10. Capitalize on the high.

The post-race high can be exhilarating. Capitalize on it to keep your momentum going and set new goals for the next finish line, wherever that might be. Sign up for another run race a few weeks later to keep yourself motivated to continue with your new habits, to test your progress or just to have fun.

Friday, March 25, 2011

Run for FUN!

While setting records, winning your age group, and attaining greatness are all things I'd consider fun they aren't always going to be attainable. There is always someone better, faster, younger, or more experienced. Work on doing better than YOU'VE ever done and occasionally run for fun!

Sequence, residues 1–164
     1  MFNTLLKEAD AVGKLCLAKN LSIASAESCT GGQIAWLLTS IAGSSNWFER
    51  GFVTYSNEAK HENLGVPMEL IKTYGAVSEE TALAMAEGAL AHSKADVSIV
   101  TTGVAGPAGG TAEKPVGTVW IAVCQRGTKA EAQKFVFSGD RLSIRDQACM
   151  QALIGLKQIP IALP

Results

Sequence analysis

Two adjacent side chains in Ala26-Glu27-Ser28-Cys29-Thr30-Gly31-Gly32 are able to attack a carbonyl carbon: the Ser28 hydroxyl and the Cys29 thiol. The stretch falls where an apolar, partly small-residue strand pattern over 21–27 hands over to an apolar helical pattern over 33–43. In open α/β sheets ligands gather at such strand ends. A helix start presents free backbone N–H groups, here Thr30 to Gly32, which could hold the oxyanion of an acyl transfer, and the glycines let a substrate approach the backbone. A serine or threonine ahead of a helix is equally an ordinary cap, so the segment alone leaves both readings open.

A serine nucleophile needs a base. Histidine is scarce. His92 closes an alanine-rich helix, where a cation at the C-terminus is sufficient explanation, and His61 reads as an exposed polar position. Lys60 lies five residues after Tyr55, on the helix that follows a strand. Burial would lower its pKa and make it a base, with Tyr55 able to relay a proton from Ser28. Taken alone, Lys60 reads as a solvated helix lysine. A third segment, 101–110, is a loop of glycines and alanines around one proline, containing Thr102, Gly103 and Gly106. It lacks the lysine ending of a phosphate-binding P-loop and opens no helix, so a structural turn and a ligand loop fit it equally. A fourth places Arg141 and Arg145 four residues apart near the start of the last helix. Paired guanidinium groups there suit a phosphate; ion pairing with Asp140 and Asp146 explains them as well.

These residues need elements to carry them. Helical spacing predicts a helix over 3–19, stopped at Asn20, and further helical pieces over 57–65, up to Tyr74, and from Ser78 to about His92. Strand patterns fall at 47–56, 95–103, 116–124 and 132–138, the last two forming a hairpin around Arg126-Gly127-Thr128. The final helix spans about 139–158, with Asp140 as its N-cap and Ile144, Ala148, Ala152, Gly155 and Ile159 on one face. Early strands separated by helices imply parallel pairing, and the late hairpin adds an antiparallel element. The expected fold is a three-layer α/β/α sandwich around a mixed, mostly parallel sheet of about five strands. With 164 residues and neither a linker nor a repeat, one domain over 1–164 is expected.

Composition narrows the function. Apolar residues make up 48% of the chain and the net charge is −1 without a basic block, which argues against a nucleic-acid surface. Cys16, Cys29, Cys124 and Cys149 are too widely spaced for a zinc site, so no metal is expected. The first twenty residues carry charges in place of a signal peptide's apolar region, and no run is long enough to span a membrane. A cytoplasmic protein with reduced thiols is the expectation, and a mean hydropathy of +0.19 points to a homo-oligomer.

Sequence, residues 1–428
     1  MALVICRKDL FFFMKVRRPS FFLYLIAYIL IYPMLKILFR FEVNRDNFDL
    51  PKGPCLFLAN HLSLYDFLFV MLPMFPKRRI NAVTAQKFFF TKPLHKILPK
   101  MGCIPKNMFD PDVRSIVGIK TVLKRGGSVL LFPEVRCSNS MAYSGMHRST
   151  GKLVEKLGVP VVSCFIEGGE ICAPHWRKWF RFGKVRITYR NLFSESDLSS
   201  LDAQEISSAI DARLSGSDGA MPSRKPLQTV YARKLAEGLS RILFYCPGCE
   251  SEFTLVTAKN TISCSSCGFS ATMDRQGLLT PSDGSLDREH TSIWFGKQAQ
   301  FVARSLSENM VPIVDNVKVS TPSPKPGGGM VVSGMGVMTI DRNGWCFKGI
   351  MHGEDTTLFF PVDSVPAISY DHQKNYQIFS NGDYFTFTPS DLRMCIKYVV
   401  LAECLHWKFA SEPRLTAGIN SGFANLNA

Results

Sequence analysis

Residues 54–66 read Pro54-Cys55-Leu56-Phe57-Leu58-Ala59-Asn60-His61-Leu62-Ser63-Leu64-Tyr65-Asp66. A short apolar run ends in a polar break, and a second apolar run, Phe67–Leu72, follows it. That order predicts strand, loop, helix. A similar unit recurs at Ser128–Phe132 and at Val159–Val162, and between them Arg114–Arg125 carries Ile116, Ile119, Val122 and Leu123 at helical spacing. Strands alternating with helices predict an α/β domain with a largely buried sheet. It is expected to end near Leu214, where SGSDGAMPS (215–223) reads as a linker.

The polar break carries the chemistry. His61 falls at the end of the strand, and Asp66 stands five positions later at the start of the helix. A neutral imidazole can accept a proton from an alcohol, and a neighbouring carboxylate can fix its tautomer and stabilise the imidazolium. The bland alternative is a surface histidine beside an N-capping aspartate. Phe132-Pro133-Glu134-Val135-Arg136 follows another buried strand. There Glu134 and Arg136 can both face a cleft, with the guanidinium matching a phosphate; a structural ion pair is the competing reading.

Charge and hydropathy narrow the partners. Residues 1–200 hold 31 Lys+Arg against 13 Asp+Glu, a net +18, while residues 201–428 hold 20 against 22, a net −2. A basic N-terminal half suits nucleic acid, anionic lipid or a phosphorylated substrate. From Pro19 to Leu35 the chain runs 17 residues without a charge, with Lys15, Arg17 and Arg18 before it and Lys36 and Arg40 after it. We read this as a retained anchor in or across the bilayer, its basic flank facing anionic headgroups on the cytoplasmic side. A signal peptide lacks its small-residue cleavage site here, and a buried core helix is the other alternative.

This is a race I'm signed up for just for FUN! I doubt I'll set any reccords jumping over obsticles, leaping through fire, or trudging through mud, but for me that's not what this race is about. This race is about good clean FUN!Well maybe not clean... :)

I've signed up for the Warrior Dash next year! It will give me plenty of time to work on speed, strength, and over all health! Plus it looks amazingly dirty, messy, crazy, and AWESOME!

Plus you get a Beer upon completion of the race, a viking hat, t shirt, and completion medal! They had me at Free Beer! Add Concerts, Mud, Beer, Turkey Legs and I know I'm in for a good day!

So train hard, but PLAY Harder!!